Be careful! Ethanol is not a strong acid ($\mathrm{p}K_\mathrm{a} \approx 16$). So its conversion to ethoxide anion is not so easy. Rather, it would attack the $\ce{C}$ center by its lone pair and then it would release proton to form the product.

Actually here what I think is, the hetero atom $\ce{O}$ just near to the $\ce{C}$ undergoing substitution will assist by its lone pair to kick out chloride and then being planar ethanol can attack from either side. And finally, you get the product of $\mathrm{S_N1}$ type.

But don't mess up between ethanol and ethoxide ion. They are totally different in nucleophilicity. Treat them as two different nucleophiles.

  • $\begingroup$ So, if the reaction would have stated that ethoxide ion is present then would it have undergone SN2? $\endgroup$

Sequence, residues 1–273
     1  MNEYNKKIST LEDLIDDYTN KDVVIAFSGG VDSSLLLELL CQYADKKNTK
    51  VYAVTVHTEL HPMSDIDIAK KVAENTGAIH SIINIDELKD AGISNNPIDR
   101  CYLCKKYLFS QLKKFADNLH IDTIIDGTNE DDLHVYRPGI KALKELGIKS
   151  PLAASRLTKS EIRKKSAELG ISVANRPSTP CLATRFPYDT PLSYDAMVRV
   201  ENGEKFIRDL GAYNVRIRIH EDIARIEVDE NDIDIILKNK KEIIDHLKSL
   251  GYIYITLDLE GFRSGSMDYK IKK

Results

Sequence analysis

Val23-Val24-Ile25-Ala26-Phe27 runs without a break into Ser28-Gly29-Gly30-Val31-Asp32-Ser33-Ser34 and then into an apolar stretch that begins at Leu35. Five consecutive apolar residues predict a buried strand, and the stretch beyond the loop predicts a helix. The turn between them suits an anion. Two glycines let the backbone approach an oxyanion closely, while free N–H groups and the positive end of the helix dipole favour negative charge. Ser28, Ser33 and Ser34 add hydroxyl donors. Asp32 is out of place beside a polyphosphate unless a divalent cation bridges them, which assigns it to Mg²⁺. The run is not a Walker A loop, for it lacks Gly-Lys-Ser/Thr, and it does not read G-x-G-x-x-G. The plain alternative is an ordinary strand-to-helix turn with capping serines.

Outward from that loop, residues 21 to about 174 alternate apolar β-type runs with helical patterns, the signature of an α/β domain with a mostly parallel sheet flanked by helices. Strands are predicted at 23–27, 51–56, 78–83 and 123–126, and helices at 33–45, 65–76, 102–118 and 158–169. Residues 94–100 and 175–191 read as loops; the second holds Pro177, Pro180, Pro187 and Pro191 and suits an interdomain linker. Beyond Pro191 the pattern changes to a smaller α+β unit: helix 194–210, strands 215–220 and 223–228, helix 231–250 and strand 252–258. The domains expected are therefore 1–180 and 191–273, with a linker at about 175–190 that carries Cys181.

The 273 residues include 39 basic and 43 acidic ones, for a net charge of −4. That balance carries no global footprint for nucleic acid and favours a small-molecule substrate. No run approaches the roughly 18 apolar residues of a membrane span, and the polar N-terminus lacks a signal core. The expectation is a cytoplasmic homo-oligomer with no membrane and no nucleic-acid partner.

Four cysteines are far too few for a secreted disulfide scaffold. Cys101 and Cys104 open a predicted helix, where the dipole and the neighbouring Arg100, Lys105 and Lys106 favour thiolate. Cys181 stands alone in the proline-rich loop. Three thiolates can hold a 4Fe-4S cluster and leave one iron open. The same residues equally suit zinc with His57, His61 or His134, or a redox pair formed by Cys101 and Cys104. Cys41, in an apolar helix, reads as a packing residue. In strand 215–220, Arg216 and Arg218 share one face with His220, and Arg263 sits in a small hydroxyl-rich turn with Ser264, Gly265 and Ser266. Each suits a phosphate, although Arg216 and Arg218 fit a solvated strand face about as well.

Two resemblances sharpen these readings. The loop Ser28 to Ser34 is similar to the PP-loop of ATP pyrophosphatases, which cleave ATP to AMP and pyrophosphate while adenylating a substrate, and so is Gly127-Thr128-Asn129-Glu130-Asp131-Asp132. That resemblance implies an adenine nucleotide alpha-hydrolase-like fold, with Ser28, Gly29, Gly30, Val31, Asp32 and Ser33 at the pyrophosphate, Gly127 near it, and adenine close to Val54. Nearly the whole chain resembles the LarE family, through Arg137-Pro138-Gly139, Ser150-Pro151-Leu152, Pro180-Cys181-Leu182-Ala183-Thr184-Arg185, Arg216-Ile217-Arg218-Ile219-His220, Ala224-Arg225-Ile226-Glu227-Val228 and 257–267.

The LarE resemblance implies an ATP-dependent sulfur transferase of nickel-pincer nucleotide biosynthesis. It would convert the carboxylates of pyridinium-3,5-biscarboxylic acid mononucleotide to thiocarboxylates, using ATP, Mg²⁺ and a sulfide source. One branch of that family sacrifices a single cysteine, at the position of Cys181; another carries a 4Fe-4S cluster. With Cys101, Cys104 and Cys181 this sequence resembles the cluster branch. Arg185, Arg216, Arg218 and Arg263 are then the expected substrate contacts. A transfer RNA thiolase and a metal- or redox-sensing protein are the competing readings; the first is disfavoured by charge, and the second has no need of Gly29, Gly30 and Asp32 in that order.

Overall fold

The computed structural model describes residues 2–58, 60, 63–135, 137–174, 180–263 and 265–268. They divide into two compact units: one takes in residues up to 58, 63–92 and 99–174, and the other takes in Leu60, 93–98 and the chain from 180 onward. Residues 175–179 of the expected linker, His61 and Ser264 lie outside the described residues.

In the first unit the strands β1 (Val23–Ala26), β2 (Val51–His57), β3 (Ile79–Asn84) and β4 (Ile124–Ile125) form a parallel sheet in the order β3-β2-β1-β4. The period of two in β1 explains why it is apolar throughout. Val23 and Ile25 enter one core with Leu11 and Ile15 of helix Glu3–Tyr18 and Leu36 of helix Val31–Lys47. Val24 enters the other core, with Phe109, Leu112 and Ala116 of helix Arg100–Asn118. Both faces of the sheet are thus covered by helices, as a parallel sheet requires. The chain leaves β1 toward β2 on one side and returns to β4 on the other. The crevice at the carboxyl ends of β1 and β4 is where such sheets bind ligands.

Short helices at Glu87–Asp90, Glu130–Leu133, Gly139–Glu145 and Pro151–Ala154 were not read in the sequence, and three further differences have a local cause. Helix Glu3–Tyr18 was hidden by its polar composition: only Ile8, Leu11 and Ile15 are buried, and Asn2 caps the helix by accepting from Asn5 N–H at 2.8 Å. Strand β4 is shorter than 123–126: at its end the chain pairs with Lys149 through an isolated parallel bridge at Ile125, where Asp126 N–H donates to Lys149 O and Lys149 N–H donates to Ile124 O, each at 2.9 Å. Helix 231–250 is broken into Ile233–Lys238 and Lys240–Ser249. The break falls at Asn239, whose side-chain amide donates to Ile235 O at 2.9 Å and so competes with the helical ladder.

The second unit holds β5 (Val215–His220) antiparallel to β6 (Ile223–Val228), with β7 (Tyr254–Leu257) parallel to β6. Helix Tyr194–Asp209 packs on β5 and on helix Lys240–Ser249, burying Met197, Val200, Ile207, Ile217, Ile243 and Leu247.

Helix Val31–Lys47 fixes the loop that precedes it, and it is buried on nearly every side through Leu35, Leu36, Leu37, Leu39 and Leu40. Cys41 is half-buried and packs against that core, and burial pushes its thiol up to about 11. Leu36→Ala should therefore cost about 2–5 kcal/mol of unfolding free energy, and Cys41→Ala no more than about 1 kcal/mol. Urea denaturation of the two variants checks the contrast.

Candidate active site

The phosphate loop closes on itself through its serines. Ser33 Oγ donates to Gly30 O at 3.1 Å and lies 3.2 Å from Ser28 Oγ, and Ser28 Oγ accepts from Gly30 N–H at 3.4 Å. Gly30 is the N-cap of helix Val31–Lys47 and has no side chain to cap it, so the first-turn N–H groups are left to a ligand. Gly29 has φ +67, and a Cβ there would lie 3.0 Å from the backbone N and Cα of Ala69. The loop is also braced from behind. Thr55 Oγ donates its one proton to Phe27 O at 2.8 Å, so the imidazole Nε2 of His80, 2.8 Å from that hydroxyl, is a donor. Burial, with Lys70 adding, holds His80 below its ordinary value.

– TheChemist
    May 29, 2020 at 21:39
  • $\begingroup$ Yes I think so. Of course ethoxide ion is a strong nucleophile than ethanol and will more bend towards Sn2 $\endgroup$ May 29, 2020 at 21:41
  • $\begingroup$ Thanks and i had just one more doubt , if it would have been given aq. ethanol then what would we have considered it as , ethanol or ethoxide ion? $\endgroup$
    – TheChemist
    May 29, 2020 at 21:44
  • $\begingroup$ Aq.Ethanol means you have water as solvent which is polar. As polar solvent would bend towards Sn1(stabilize the carbocation by solvation) I think it should be Sn1. $\endgroup$ May 30, 2020 at 3:56
  • $\begingroup$ @TheChemist if you choose an aqueous medium then ethanol will be replaced by H2O as nucleophile due to H2O being more available than ethanol added. $\endgroup$ Feb 24, 2021 at 17:12